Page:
September 27, 2007 The road is not a racetrack - but if it was, Britain would have a new national champion. Londoner Tim Brady is now serving a 10-week jail sentence after being clocked at a record 172mph (277 kmh) in a Porsche (not pictured) he borrowed from his employer – that’s 16mph faster than the previous four-wheeled record holder.  Read More

Video Investigator screen

September 19, 2007 We’ve all seen the seemingly ubiquitous eye in the sky cameras watching us from store ceilings and most of us have probably wondered if anyone actually monitors those things. In an effort to improve the efficiency of such surveillance, Intellivid has developed a Computer Aided Tracking (CAT) tool that incorporates a newly patented adjacency algorithm. The technology uses sophisticated video analytics to streamline video surveillance, giving the ability to seamlessly track in-store movements and create complete end-to-end footage.  Read More

Fingerprinting could now reveal more than just a name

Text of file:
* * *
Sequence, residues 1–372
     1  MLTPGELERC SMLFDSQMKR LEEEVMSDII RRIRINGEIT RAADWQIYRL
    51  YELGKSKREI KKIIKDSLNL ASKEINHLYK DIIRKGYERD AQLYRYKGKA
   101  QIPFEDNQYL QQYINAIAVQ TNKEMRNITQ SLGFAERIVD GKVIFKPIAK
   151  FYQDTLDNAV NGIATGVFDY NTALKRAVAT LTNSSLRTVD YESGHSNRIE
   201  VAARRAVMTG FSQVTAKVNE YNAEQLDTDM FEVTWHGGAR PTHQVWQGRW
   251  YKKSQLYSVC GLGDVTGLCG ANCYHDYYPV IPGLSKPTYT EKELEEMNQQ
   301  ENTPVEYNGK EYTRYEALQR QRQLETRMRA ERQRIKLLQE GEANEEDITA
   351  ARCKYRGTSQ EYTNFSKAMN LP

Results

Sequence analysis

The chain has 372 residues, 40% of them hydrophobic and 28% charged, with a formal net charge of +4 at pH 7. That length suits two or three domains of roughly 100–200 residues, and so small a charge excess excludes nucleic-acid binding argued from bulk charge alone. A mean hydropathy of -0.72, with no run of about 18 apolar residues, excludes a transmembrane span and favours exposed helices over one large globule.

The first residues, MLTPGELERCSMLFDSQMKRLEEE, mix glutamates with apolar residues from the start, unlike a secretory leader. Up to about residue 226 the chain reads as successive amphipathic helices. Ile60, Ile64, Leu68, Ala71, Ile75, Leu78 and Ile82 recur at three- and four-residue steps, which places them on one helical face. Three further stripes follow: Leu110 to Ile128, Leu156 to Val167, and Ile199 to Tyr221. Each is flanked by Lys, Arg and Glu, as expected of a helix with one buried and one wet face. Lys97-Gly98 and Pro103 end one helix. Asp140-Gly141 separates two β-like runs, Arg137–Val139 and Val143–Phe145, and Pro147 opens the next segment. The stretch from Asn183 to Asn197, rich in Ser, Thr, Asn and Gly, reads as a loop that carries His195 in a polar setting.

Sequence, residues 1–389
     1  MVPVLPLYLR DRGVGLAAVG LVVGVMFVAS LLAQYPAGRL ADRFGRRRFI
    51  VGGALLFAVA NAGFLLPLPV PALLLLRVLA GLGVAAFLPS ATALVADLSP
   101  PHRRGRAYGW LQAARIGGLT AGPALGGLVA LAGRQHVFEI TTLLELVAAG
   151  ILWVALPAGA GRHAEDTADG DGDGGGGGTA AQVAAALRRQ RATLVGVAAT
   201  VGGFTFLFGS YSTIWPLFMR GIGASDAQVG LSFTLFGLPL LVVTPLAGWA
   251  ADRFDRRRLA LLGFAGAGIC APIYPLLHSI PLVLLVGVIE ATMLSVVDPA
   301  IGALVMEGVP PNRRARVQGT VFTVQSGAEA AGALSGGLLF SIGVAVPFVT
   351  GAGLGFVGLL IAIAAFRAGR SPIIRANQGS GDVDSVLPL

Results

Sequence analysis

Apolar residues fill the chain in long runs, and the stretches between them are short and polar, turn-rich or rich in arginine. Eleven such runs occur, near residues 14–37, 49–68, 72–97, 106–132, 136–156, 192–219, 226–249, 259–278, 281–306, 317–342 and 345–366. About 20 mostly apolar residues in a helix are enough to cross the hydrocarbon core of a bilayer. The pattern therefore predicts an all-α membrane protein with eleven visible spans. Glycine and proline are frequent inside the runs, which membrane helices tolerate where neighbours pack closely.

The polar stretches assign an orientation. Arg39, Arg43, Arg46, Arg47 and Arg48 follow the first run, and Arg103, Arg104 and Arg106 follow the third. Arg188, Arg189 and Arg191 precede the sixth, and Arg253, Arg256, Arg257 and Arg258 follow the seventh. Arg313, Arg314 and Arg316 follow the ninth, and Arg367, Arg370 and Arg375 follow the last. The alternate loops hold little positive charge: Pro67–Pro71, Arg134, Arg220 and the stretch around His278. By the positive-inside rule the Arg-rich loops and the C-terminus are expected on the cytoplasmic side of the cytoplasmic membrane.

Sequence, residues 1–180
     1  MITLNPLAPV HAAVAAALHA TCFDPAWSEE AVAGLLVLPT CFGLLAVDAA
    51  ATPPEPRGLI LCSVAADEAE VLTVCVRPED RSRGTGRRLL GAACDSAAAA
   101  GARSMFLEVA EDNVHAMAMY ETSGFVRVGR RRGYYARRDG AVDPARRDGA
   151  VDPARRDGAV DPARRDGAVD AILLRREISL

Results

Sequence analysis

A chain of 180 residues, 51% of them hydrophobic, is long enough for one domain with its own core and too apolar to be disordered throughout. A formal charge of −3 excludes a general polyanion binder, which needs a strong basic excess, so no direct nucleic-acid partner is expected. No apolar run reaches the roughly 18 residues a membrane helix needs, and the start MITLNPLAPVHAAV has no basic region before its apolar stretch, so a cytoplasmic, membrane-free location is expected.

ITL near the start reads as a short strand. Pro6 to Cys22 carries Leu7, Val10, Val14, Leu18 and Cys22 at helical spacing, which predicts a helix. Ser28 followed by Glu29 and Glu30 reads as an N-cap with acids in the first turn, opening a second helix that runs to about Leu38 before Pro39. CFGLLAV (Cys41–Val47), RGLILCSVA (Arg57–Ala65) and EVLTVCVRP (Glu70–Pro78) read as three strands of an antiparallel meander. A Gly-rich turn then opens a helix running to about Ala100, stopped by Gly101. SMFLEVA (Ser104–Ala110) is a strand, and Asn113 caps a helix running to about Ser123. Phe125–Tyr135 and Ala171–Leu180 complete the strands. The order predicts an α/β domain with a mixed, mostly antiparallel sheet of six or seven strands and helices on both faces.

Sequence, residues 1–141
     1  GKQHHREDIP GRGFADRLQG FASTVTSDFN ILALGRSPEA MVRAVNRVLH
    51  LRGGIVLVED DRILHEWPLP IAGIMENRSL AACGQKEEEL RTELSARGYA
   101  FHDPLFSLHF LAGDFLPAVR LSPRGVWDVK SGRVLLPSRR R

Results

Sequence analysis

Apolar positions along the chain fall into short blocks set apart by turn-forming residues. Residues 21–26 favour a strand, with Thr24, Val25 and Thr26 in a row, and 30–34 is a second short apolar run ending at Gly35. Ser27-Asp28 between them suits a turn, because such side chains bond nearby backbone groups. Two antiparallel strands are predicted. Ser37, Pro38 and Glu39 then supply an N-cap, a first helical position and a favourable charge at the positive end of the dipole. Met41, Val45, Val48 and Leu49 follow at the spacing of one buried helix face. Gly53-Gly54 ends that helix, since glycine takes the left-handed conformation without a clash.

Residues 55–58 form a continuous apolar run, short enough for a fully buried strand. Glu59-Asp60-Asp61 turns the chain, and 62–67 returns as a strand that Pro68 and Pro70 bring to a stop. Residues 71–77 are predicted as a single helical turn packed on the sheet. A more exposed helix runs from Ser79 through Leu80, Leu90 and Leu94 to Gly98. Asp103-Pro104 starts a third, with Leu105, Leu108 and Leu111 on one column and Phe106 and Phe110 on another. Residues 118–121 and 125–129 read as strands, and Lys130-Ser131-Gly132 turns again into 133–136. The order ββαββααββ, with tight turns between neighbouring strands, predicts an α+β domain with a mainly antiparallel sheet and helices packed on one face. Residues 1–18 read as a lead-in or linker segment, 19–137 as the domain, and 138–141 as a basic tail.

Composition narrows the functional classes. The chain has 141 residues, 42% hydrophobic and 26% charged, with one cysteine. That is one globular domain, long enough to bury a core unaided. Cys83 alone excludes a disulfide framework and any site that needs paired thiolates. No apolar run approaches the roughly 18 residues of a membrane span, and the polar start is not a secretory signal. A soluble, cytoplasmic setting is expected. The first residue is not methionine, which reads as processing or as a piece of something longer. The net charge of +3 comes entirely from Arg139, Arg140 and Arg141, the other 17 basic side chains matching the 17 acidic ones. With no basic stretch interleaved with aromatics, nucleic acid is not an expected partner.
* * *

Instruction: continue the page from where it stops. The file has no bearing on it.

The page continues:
August 7, 2007 Imagine if a single fingerprint could reveal the diet, race and sex of a suspected criminal. As far fetched as the proposition sounds, it might soon become a reality according to new research published in the August edition of the journal Analytical Chemistry. The new technique collects fingerprints along with their chemical residue - containing a few millionths of a gram of fluid - and keeps it intact for future reference. These residues can be found on all fingerprints and could be used to identify traces of items people came in contact with such as gunpowder, narcotics and biological or chemical weapons, as well as potentially being used to pin-point specific traits - like a persons sex or aspects of their diet - through spectroscopic analysis. Imperial scientists led by Professor Sergei Kazarian from Imperial College London’s Department of Chemical Engineering found that the use of commercial gelatine based tape provides a simple method for collection and transportation of prints for chemical imaging analysis.  Read More

It’s Apple Mac-Guyver: pocket sized detective tool hacks into computers